“We believe Kickstarter is a great platform and community to validate innovative ideas like our mask project, and the result seems to say so.” From May 14 on, the campaign has moved to the Indiegogo platform, from where interested parties can now pledge or order their masks (starting at the discounted price of $99).
Given the project’s popularity, how well positioned is LuxMea to handle strong demand from the public?
“Shapeways is one of the largest 3D printing manufacturers, and prints millions of parts every year.” Yang noted. “The production capacity is certainly scalable to us, for masks, it is safe to say we can scale to around 50,000 masks per month.”
LuxMea till recently had largely focused on buildings and architecture. In fact, LuxMea has developed what it calls a “super-composite” material –– a proprietary, large-scale, 3D-printed building material that has passed the ASTM-E84 flame spread test. “Soon we will be doing 3D printed buildings,” she declares.
Offering much credit to the Autodesk Tech Centre –– “we could not have done this without them” –– Yang recounted the philosophy driving her firm’s view of the future.
“To us, both building solutions and personalized products serve the same purpose. We envisioned the Age of Mass CustomizationTM back in 2016, and through a series of projects, we integrated the workflow of computational design and digital fabrication.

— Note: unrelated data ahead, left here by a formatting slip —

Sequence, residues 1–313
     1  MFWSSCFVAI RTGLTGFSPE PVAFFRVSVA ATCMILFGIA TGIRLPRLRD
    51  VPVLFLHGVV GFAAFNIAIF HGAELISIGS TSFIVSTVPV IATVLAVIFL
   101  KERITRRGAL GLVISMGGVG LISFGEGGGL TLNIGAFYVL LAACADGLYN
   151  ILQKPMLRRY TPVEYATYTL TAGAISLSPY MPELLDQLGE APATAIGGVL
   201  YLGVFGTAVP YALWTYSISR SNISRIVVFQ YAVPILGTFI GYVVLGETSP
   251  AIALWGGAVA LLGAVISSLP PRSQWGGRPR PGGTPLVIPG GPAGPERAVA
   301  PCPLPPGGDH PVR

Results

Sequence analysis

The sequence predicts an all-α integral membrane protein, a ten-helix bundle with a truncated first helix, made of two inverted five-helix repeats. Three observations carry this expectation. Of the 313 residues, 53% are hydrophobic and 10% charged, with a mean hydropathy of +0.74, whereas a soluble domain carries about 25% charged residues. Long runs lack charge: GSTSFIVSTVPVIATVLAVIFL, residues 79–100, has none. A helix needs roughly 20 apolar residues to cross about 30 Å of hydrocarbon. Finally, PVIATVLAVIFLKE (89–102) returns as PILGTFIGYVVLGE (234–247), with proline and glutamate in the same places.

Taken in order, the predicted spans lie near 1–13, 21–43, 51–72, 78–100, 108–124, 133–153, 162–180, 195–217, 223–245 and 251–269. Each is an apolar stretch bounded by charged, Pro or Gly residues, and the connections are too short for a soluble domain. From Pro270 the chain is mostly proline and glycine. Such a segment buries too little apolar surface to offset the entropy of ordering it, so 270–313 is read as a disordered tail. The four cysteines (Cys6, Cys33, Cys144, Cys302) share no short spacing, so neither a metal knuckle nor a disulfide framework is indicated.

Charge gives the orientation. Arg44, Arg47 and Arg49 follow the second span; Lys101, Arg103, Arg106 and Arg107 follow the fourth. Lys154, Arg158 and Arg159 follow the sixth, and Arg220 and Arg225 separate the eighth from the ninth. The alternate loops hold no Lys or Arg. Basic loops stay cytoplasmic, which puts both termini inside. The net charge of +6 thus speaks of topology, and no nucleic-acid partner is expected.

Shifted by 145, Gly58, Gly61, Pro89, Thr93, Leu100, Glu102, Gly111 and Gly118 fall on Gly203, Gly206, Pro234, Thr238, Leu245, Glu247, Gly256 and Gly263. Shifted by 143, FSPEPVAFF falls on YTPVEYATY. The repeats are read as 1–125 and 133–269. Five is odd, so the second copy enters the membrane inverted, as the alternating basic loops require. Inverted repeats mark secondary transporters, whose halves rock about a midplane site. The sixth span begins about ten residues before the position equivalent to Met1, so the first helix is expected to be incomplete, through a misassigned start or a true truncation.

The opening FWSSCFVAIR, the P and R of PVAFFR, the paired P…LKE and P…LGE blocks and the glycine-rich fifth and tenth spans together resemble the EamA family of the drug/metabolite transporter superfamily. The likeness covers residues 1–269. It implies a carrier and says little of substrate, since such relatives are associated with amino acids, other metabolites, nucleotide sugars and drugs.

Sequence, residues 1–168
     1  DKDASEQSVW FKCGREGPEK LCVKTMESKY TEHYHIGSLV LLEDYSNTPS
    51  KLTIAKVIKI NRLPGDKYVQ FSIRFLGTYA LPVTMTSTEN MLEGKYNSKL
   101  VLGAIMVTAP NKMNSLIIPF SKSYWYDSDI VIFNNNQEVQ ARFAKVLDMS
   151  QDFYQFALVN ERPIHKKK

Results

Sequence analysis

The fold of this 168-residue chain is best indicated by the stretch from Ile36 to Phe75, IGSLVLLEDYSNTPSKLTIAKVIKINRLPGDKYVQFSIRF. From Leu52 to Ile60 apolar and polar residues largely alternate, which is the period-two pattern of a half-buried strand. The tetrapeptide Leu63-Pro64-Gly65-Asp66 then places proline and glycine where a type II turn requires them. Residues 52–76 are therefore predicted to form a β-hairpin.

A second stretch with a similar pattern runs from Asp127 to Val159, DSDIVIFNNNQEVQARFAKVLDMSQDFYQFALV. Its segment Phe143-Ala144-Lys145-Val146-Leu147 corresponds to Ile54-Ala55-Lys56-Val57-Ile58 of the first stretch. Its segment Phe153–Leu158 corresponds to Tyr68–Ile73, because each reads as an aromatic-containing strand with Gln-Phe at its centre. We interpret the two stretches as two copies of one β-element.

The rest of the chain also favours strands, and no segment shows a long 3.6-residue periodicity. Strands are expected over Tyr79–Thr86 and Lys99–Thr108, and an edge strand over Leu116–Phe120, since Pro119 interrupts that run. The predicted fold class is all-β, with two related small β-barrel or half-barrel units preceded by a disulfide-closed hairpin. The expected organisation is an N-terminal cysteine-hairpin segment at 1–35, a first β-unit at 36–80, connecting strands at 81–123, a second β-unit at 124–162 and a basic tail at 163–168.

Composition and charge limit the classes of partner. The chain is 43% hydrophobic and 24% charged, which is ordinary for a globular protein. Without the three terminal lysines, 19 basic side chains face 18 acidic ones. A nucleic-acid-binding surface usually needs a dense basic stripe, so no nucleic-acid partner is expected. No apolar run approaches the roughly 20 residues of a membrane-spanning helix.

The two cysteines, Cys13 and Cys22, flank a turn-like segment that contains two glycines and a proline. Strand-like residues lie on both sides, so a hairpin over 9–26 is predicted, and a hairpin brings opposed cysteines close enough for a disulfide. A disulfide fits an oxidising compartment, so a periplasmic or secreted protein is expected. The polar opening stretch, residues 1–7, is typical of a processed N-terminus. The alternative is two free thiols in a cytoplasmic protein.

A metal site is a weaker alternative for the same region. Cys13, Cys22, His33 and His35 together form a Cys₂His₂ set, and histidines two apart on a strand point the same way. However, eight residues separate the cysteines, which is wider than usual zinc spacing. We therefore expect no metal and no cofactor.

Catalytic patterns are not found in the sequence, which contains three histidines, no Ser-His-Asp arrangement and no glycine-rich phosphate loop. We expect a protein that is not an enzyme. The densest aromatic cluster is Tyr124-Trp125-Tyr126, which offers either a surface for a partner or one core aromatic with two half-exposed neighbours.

“In the future, we envision a bespoke revolution where products can be fully customized to the point where things –– personal items and habitat –– can become an extension of yourself through both form and function. Technology, AI, and digital fabrication methods like 3D printing can get us to this future because they offer a unique opportunity for customization at an affordable price with high precision and fast speed.”
LuxMea Studio: www.luxmea.co
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2 Responses to “LuxMea’s bespoke face mask hints at future ‘mass customization’”
Hi Bob Grace, yet another fantastic value based article based on research, and I think all the tips are the result of learning through experience, that’s why they are so much valuable for the readers.
Thank you for this information Bob. Custom face masks are safe which allows for completely custom prints as well as the utility of a standard face cover.